In this digital age, when vacationers to South Florida can grab their smartphones and send jealousy-inducing photos to friends and family within seconds, it’s hard to believe the humble postcard is still hanging in there.
Visit most any local souvenir shop and there they are, usually on one or two racks tucked behind the seashell bracelets and painted coconuts. But Sarasota author Liz Coursen doesn’t think much of the postcards being sent from Florida these days.
“You've got your basic beach, your basic alligator, your basic palm tree,” she says. “And it could be, geographically, anywhere in the state. There’s a deplorable lack of quality and specificity to the modern-day postcard.”
To Coursen, the vintage postcards she began collecting more than thirty years ago are more than just souvenirs; they’re small, oblong fragments of history.
Throughout the year, she’s been making a tour of Florida cities with a presentation featuring about 100 of the 70,000 postcards in her collection. Coursen uses them to illustrate Florida’s dynamic growth and development in the first half of the 20th century.
“Postcards were really instrumental in promoting the state as a destination,” says Coursen.
The presentation, titled, “Having Fun, Wish You Were Here: An Illustrated History of the Postcard in Florida,” is part of the state’s Viva Florida 500 celebration, highlighting the 500th anniversary of the arrival of Juan Ponce de León to these shores.
Most historians trace the birth of the postcard back to Chicago’s Columbian Exposition (e.g., the World’s Fair) held in 1893. They arrived on the scene in Florida not long afterward, mostly in the form of photographs taken along the state’s lengthening railroad track.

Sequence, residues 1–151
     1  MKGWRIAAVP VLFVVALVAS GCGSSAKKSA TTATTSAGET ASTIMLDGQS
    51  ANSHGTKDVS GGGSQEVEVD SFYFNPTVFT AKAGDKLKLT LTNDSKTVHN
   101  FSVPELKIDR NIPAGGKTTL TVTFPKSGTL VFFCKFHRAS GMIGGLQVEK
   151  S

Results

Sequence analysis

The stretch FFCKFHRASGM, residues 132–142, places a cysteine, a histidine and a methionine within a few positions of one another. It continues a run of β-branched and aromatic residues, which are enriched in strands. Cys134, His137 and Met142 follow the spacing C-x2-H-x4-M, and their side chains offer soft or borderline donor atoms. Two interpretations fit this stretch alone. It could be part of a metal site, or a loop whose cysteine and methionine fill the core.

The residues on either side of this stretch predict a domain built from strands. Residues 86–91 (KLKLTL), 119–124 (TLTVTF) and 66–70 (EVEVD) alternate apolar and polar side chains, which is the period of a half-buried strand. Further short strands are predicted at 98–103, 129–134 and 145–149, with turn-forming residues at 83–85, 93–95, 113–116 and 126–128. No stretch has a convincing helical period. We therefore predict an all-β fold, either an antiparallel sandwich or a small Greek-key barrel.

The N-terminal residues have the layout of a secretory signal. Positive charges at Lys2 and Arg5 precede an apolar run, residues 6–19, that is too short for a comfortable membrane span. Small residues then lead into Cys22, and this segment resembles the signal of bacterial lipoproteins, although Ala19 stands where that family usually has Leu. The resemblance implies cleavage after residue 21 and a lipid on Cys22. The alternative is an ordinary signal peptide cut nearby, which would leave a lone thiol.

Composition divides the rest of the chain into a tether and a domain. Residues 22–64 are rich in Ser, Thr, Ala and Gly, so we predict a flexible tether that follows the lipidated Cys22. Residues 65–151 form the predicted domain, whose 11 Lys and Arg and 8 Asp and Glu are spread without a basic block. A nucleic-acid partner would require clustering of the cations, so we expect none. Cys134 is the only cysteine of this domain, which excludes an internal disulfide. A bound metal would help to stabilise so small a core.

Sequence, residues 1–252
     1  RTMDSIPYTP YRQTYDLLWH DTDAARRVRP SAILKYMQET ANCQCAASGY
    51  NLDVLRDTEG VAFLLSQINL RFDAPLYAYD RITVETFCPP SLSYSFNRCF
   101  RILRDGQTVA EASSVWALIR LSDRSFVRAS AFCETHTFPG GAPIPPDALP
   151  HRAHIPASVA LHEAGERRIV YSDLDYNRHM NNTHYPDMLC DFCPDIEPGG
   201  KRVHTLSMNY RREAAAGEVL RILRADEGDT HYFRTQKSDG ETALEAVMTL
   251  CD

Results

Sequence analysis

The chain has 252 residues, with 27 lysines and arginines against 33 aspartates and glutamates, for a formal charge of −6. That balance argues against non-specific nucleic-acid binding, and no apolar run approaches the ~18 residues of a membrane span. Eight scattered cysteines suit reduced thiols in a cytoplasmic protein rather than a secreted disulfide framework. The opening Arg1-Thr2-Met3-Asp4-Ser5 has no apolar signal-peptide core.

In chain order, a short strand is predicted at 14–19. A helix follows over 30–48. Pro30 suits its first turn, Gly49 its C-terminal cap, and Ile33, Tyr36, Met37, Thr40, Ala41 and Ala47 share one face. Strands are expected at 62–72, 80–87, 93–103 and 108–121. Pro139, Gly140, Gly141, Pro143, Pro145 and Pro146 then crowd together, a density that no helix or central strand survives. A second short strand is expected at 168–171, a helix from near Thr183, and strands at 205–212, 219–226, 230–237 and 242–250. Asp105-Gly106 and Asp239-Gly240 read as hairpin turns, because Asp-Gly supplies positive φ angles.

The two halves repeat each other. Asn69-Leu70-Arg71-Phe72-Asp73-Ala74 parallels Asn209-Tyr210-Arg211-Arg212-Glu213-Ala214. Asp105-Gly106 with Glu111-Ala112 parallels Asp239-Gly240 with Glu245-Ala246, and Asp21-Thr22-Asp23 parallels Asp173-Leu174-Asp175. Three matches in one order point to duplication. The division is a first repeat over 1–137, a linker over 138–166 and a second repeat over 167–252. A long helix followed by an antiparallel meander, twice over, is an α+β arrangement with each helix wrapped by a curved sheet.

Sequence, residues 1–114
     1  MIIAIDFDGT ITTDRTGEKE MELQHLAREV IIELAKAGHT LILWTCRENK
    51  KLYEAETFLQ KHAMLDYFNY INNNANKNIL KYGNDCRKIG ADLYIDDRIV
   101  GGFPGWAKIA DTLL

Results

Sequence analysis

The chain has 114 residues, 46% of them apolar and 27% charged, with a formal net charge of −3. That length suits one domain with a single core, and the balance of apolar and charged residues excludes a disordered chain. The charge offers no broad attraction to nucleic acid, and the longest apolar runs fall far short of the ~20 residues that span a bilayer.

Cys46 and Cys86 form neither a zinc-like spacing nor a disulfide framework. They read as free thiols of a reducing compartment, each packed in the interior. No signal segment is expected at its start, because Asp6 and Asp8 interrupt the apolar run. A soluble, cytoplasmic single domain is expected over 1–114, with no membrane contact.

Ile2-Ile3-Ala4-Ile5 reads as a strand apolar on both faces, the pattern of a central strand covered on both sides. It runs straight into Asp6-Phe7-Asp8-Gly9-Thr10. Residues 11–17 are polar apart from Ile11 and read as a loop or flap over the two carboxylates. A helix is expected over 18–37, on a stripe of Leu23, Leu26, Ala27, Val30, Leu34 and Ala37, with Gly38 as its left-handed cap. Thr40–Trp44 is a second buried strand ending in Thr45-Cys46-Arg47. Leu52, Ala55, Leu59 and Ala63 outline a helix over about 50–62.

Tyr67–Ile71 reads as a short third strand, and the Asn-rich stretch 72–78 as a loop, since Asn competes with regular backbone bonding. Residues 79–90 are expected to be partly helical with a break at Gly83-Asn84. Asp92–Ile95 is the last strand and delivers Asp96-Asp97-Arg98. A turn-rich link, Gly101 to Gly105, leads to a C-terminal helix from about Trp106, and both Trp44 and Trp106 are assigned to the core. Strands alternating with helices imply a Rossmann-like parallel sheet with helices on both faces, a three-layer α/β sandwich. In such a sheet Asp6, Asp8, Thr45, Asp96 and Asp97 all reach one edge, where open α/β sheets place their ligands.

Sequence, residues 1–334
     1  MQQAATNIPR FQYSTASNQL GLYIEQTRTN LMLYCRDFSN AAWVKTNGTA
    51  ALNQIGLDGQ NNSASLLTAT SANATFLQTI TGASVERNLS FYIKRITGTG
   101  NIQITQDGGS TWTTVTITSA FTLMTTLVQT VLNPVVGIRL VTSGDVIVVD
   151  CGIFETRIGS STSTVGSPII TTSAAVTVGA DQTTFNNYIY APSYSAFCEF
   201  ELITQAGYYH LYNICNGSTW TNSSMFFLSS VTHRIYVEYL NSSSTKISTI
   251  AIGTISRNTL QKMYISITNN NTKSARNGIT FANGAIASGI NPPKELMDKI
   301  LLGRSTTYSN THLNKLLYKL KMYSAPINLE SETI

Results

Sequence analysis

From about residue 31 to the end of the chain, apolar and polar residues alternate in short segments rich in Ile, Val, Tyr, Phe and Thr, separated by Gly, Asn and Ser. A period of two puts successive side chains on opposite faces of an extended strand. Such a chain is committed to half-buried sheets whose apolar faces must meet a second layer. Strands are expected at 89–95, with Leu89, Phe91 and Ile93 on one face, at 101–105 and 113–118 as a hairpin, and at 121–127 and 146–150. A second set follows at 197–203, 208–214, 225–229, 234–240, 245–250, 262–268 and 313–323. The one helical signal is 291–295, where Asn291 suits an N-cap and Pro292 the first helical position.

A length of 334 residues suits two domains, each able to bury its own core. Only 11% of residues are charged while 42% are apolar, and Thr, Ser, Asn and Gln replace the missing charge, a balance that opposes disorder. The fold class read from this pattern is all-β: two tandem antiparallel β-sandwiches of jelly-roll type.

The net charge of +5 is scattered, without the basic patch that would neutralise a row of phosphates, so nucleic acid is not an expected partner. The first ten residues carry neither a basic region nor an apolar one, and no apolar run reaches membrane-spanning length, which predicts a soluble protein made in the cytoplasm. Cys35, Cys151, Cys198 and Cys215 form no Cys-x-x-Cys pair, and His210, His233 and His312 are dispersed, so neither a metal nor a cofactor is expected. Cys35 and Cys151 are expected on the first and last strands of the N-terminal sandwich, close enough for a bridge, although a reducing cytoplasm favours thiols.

The earliest Florida postcard Coursen has in her possession is dated 1905 and features a photograph of a ferry drifting along the Ocklawaha River, loaded with passengers and produce.
During what Coursen refers to as the “Golden Age of Postcards,” the grainy photos gave way to vividly painted renderings of Florida's finest hotels and most brilliant thoroughfares printed on high-quality linen cardstock.
And since the postcards merely reflect the language, customs and mores of the era in which they were printed, many are shocking by today’s standards.
For example, there’s the infamous “Mammy From Miami” card, dated around the late 1940’s. It features a painting of an African-American woman dressed in a hoop skirt and head bandana, in the manner of Aunt Jemima. The caption reads, “Folks sho’ like this card with a message from Florida.”
From the same era, a postcard from a Miami Beach hotel boasts how it offers guests an environment with “restricted clientele.” Coursen says that was double-speak for “No Jews Allowed.”
But most of Coursen’s collection is comprised of the colorful scenes that introduced Florida to the rest of the world; the beaches, the orange groves, the glamorous hotels.
“The new cards just can’t hold a candle to the old cards,” she sighs.
HAVING FUN, WISH YOU WERE HERE: AN ILLUSTRATED HISTORY OF THE POSTCARD IN FLORIDA
Sarasota-based author and speaker Liz Coursen brings her presentation to the following public library:
Coral Gables Library : August 17, 3 p.m.
For more information, contact Miami-Dade Public Library System’s programming coordinator at (305) 375-1413 or firstname.lastname@example.org.